BERLIN – The nationalist Alternative for Germany party has been battered by a series of scandals since its founding four years ago.
Here are five controversies that have affected the party's image in recent months:
Senior party member Bjoern Hoecke suggested it was time for Germans to make a "180-degree turn" when it comes to commemorating the country's wartime past.
Hoecke, a high school history teacher, said in January that Germany needs to embrace a "confident patriotism" and said no other nation would put a "memorial of shame" in the heart of its capital.
He was referring to the Holocaust memorial in Berlin, which commemorates the murder of some 6 million Jews by Nazi Germany.
The speech was widely condemned and he was reprimanded by the party. Frauke Petry, one of the party's co-leaders, has called for his expulsion.
A trip to Moscow by Petry, considered the public face of AfD, prompted concern about her party's ties to Russian President Vladimir Putin.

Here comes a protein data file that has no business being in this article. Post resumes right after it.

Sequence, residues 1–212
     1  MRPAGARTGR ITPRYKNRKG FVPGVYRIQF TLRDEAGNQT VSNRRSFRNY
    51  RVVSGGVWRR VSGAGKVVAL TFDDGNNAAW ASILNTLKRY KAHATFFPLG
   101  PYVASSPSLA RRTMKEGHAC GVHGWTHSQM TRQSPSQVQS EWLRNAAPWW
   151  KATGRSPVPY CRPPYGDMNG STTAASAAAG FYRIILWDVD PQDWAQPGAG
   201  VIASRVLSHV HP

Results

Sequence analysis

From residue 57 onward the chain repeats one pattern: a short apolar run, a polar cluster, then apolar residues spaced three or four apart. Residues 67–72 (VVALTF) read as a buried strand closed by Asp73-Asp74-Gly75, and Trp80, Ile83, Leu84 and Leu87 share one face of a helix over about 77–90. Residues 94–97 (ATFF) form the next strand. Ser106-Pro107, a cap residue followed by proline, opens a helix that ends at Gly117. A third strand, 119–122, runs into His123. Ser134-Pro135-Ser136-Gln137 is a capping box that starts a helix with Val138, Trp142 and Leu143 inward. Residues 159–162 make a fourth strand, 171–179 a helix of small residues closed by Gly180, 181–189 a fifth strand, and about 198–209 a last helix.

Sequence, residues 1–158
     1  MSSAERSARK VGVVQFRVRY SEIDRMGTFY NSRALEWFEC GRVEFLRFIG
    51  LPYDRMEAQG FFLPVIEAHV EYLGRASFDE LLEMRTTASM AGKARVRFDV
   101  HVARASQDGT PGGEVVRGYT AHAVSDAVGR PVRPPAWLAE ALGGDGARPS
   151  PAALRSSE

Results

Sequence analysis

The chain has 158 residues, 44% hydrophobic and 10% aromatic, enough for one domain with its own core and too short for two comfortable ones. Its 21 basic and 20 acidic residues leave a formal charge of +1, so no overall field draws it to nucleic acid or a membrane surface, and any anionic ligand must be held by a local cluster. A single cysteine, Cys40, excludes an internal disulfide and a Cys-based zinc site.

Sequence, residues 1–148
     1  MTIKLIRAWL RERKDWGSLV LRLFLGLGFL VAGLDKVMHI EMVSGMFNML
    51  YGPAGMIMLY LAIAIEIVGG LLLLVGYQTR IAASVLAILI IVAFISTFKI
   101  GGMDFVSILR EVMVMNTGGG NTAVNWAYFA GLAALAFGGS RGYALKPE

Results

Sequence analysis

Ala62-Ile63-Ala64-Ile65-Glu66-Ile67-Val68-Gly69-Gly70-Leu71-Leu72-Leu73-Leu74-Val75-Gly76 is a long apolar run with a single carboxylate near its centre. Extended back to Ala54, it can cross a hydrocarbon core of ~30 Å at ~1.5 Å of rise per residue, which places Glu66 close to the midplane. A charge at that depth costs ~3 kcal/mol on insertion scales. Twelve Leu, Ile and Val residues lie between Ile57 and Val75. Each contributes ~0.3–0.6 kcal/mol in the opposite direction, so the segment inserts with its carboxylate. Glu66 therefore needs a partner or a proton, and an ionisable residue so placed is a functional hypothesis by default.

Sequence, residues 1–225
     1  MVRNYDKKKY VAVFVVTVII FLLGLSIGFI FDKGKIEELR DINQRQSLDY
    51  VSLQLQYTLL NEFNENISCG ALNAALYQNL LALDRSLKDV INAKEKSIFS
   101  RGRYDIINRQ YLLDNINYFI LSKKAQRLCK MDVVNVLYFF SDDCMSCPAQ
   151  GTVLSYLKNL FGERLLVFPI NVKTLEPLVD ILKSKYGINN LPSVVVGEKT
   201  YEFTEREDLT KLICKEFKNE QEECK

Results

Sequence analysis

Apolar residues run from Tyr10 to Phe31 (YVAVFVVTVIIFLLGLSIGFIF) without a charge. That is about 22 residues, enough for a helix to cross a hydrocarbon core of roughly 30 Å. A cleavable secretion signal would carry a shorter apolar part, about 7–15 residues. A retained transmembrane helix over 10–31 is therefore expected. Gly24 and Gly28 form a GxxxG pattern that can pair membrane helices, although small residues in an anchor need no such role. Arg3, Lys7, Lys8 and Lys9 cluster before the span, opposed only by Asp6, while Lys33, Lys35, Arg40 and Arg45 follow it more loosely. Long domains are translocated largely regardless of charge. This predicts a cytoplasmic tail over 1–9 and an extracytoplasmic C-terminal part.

The trip in February hadn't been announced and AfD issued a terse statement only after the Russian parliament posted word of the meeting on its website.
The German government has warned that Russia might try to influence the upcoming general election.
Petry's office declined to answer questions about the trip, but insisted that the presence of Vladimir Zhirinovsky — a Russian far-right lawmaker once banned from Germany over his extremist views — wasn't planned.
Petry took part in a much-publicized event in January with France's far-right presidential candidate Marine Le Pen and Dutch anti-Islam politician Geert Wilders.
The event wasn't welcomed by everyone in AfD. Some senior members consider Le Pen's National Front to be a socialist party whose protectionist economic policies are antithetical to those of AfD.
Leaflets promoting the party appeared in letterboxes ahead of elections in three German states last year. AfD denied that it was involved in the advertising campaign, which experts said probably cost a high six-figure sum.
Parliament investigated whether the leaflets constituted an illicit form of party funding, but concluded that no wrongdoing by AfD could be proven.
Revelations that an AfD lawmaker in the southwestern state of Baden-Wuerttemberg had previously written anti-Semitic texts sparked a furious row among members. The party's deputies in the state assembly briefly split into two factions before reconciling.
The lawmaker, Wolfgang Gedeon, remains a member of the party.